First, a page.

Be Reconciled

Daily Reading – Genesis 33

“So I strive always to keep my conscience clear before God and man.” Paul

Our work as an ambassador of Christ requires us to be able to look people in the eye, especially those we have wronged. Jacob gives us a model of reconciliation in today’s story.

Long ago Jacob manipulated Esau out of the blessing to rule is father’s house. This encounter is much different. When Jacob meets Esau he humbly bows down and calls him Lord. Jacob repents of the deception of stealing the blessing by sharing the blessings he had received from the Lord with Esau.

Esau forgives the guilt of Jacob’s sin, and Jacob says, “to see your face is like seeing the face of God, now that you have received me favorably.”

Something amazing happens through the process of confession and reconciliation. The man who humbly asks for forgiveness receives a tangible example of the grace of God from the one who offers mercy.

Sometimes the grace of God can seem abstract and hard to believe, especially for those who have not seen Jesus. But God has entrusted Christ’s ministry of reconciliation to the church, as if God were making his appeal through us. (2 Cor. 5:20) When we forgive, people see a physical example of Jesus that helps them believe his mercy is real. For Jacob, the grace found in his brother’s eyes was like “looking into the face of God.”

Reconciliation can take many forms, but always falls under the greater purpose of Christ reconciling the world to himself. Sometimes our sin has caused another person pain and we need to pursue reconciliation with them. Other times our sin is self-destructive and amends need to be made only with God. However, it can be difficult to “feel” forgiven for these sins which are often done in secret, and the devil often uses these kinds of sins to accuse us.

But God has given us a road to reconciliation in these moments too.

James 5:16 says,

“Therefore, confess your sins to one another and pray for one another, that you may be healed. The prayer of a righteous person is powerful and effective.”

We can use confession to bring our sin into the light, and in return receive healing. This healing includes the freedom of our conscience from the lies of the accuser and the rememberance that we have been cleansed from sin. We get a tangible example of God’s grace when we confess our sins to our brothers and sisters in Christ and they receive us favorably. Like Jacob with Esau, it can be as if we were even “looking into the face of God.”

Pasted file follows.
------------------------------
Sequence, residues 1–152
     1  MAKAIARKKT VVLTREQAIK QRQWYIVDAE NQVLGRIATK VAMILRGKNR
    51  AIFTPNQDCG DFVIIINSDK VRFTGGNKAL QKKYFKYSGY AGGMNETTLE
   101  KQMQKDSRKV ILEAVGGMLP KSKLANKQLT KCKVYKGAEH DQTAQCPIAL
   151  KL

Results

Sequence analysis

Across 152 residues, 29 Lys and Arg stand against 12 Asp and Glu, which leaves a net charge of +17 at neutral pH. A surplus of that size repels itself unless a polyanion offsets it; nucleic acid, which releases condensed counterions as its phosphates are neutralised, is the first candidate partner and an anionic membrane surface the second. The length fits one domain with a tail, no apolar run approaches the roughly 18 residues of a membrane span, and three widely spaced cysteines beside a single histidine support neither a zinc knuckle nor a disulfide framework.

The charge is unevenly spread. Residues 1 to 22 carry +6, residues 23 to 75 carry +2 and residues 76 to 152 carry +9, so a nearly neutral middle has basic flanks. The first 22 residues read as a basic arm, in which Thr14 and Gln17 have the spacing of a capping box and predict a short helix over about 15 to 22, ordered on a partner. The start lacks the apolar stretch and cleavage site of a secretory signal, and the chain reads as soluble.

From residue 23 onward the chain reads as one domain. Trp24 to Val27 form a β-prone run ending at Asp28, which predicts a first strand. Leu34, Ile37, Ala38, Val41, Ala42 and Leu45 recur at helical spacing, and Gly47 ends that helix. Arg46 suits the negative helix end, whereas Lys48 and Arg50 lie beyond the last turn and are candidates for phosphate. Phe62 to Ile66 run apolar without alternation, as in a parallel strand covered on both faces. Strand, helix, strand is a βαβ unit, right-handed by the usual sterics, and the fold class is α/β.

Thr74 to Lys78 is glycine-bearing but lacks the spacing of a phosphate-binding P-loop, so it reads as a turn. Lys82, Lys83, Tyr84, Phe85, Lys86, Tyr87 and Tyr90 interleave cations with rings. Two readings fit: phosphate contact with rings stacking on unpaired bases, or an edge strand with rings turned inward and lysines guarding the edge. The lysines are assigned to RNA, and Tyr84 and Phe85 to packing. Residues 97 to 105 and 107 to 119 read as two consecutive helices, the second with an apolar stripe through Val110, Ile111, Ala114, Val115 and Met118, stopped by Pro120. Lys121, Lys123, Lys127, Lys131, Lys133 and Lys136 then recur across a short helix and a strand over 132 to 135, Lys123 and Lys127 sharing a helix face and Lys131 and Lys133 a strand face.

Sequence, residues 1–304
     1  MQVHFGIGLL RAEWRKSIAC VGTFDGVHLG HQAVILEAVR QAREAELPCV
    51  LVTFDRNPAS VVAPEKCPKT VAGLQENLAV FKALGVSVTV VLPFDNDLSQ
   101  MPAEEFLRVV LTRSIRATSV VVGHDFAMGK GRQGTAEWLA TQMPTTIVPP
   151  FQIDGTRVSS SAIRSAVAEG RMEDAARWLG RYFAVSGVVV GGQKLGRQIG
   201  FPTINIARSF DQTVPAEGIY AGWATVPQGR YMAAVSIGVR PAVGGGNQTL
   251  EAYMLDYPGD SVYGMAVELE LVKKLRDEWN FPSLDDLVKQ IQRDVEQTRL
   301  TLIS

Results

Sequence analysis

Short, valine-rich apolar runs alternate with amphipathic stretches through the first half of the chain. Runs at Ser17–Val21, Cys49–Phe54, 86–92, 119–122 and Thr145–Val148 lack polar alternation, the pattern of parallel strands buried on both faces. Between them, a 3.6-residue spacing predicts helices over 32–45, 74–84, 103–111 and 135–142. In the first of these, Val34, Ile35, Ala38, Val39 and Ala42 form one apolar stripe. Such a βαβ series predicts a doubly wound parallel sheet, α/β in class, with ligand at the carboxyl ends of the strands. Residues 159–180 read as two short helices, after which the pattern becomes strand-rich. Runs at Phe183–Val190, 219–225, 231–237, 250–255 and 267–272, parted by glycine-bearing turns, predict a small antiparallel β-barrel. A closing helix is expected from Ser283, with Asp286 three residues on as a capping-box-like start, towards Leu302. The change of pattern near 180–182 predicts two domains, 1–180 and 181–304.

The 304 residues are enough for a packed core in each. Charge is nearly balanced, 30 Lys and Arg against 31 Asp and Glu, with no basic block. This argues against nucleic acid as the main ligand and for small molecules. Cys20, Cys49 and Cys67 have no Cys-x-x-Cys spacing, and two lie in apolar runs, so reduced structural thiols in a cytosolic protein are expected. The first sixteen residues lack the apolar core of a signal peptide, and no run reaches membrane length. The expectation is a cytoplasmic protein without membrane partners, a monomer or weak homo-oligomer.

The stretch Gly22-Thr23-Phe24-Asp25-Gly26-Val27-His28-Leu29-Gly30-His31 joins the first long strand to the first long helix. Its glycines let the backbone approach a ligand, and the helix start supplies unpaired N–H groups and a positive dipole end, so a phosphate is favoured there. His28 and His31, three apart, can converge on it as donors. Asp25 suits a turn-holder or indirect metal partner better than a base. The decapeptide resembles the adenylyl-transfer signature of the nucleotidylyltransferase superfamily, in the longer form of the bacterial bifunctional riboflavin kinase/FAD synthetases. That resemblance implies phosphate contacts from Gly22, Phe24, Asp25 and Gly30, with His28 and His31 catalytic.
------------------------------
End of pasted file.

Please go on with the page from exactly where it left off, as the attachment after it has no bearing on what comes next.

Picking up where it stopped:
Listen to this description from 2 Corinthians 5:17-20 of who you are in Christ:

17 Therefore, if anyone is in Christ, he is a new creation. The old has passed away; behold, the new has come. 18 All this is from God, who through Christ reconciled us to himself and gave us the ministry of reconciliation; 19 that is, in Christ God was reconciling the world to himself, not counting their trespasses against them, and entrusting to us the message of reconciliation. 20 Therefore, we are ambassadors for Christ, God making his appeal through us.

Our ministry is reconciliation. Asking for forgiveness from those you have wronged is a great way to point them to Christ. In addition, you can serve as a conduit of freedom by helping your brothers and sisters in Christ bring their sin into the light through confession.

How can you serve as an ambassador today in the ministry of reconciliation?

The Emmaus Trail is a devotional study that explores the theme of God reconciling himself to the world through the redemption of his Son which is found in all of Scripture. 

Luke 24

That very day two of them were going to a village named Emmaus, about seven miles from Jerusalem, and they were talking with each other about all these things that had happened. While they were talking and discussing together, Jesus himself drew near and went with them. But their eyes were kept from recognizing him. And he said to them, “What is this conversation that you are holding with each other as you walk?” And they stood still, looking sad. Then one of them, named Cleopas, answered him, “Are you the only visitor to Jerusalem who does not know the things that have happened there in these days?” And he said to them, “What things?” And they said to him, “Concerning Jesus of Nazareth, a man who was a prophet mighty in deed and word before God and all the people, and how our chief priests and rulers delivered him up to be condemned to death, and crucified him. But we had hoped that he was the one to redeem Israel. Yes, and besides all this, it is now the third day since these things happened. Moreover, some women of our company amazed us. They were at the tomb early in the morning, and when they did not find his body, they came back saying that they had even seen a vision of angels, who said that he was alive. Some of those who were with us went to the tomb and found it just as the women had said, but him they did not see.” And he said to them, “O foolish ones, and slow of heart to believe all that the prophets have spoken! Was it not necessary that the Christ should suffer these things and enter into his glory?” And beginning with Moses and all the Prophets, he interpreted to them in all the Scriptures the things concerning himself. 

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